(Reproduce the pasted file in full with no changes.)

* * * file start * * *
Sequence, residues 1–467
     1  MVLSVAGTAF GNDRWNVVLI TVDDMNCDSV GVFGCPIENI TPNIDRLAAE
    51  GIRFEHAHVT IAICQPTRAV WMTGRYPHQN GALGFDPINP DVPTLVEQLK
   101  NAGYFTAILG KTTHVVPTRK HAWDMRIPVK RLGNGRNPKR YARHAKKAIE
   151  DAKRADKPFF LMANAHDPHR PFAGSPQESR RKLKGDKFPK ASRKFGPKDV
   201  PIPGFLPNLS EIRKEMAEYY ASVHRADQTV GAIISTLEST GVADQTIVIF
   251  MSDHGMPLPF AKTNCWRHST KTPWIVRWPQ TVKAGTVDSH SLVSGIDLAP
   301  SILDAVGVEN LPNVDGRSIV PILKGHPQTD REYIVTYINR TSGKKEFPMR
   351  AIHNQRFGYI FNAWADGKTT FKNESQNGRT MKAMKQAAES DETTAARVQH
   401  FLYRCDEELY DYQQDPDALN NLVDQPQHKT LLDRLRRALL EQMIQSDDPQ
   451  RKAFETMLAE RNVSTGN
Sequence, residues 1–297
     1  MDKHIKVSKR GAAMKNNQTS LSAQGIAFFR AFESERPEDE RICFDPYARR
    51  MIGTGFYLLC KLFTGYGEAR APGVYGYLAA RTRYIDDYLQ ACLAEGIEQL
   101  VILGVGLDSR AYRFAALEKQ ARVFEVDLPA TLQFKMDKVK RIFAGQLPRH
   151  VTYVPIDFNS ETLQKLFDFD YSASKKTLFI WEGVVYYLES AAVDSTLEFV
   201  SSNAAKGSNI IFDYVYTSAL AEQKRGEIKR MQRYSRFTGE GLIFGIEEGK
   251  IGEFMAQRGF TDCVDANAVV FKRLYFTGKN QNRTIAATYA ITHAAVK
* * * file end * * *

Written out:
Sequence, residues 1–467
     1  MVLSVAGTAF GNDRWNVVLI TVDDMNCDSV GVFGCPIENI TPNIDRLAAE
    51  GIRFEHAHVT IAICQPTRAV WMTGRYPHQN GALGFDPINP DVPTLVEQLK
   101  NAGYFTAILG KTTHVVPTRK HAWDMRIPVK RLGNGRNPKR YARHAKKAIE
   151  DAKRADKPFF LMANAHDPHR PFAGSPQESR RKLKGDKFPK ASRKFGPKDV
   201  PIPGFLPNLS EIRKEMAEYY ASVHRADQTV GAIISTLEST GVADQTIVIF
   251  MSDHGMPLPF AKTNCWRHST KTPWIVRWPQ TVKAGTVDSH SLVSGIDLAP
   301  SILDAVGVEN LPNVDGRSIV PILKGHPQTD REYIVTYINR TSGKKEFPMR
   351  AIHNQRFGYI FNAWADGKTT FKNESQNGRT MKAMKQAAES DETTAARVQH
   401  FLYRCDEELY DYQQDPDALN NLVDQPQHKT LLDRLRRALL EQMIQSDDPQ
   451  RKAFETMLAE RNVSTGN
Sequence, residues 1–297
     1  MDKHIKVSKR GAAMKNNQTS LSAQGIAFFR AFESERPEDE RICFDPYARR
    51  MIGTGFYLLC KLFTGYGEAR APGVYGYLAA RTRYIDDYLQ ACLAEGIEQL
   101  VILGVGLDSR AYRFAALEKQ ARVFEVDLPA TLQFKMDKVK RIFAGQLPRH
   151  VTYVPIDFNS ETLQKLFDFD YSASKKTLFI WEGVVYYLES AAVDSTLEFV
   201  SSNAAKGSNI IFDYVYTSAL AEQKRGEIKR MQRYSRFTGE GLIFGIEEGK
   251  IGEFMAQRGF TDCVDANAVV FKRLYFTGKN QNRTIAATYA ITHAAVK